Different settings will mean different processes, but a wise info pro should stay on top of whatever feedback processes any info pros are using in any setting. The input may overlap due to overlapping client interests. Academic librarians may find feedback from special librarians helpful. After all, the special librarians are probably serving their graduates. Public librarians serve everyone within a community, including the clients of special and academic and school librarians. Vendor info pros should take particular care to attach visible feedback mechanisms throughout their product presentations. It’s just good manners and essential to good customer relationships to appear to care about client success or failures with information products. Beyond appearances, it’s also the best way to create
a permanent focus group.
Some needs and wants that emerge from the process may reflect personal problems. Don’t ignore them. Some of the best breakthroughs I ever made to hard-to-bag clients came from the ability to handle personal needs. People remember the services and the people who helped in unexpected ways, either by tapping unique resources or connecting people to new tools and techniques. They also prize people who solve a problem even when it’s outside a strict interpretation of their job descriptions. The ethic of information professionals requires that we inform people whenever we can. There are limits, sure. But what would you think of a doctor who wouldn’t help an injured person in an emergency situation? Not a very ethical physician, right?
Libraries can also provide a neutral ground for educating experts. For example, some people can find themselves getting “lapped” when it comes to new technologies. If some people slept through the first phase of the cell phone revolution, clutching their cordless and punching their answer machine’s Play button, they might find those mini-computer smartphones daunting. But in the privacy of a library and an encounter with a friendly librarian, they need not suffer the undying shame of having to ask colleagues, maybe even junior colleagues, for assistance. Who knows? They might not even have to ask their kids for help.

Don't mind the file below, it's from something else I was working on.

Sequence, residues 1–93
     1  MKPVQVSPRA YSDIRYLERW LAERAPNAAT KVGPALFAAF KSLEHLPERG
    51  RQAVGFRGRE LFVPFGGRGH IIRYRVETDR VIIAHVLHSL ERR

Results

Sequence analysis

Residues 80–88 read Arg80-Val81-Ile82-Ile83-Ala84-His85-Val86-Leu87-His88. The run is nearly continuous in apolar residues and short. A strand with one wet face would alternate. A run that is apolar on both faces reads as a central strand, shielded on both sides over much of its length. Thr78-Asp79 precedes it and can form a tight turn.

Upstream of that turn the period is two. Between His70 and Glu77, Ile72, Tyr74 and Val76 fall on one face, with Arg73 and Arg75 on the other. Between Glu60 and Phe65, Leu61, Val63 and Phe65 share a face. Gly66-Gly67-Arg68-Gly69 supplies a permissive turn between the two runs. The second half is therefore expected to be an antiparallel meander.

Take your feedback process to where people do their work. Don’t make them come to you. Walk into offices. Attend staff meetings and presentations — not of your staff, of your clients! Chat people up in company cafeterias, corner Starbucks, local shops. Keep your website on the qui vive, rife with feedback forms for anything you offer now. Build blogs open to your clients for reporting on what they think you’re doing and, even better, not doing. And even after you’ve gotten the great ideas you hope the process would supply and built the new services and tested them and exceeded your wildest dreams of success, never — repeat, NEVER — stop collecting more input.
When the famed and — tragically (sob) — defunct Southern California Online Users Group (SCOUG) used to hold its annual retreat, it would distribute T-shirts to all attendees. The T-shirts carried the image of a droopy palm tree and the name and number of the retreat. But it also carried SCOUG’s motto: “If Online Is the Answer, What Is the Question?” SCOUG may be gone, but for the world’s information professionals, the Question never goes away.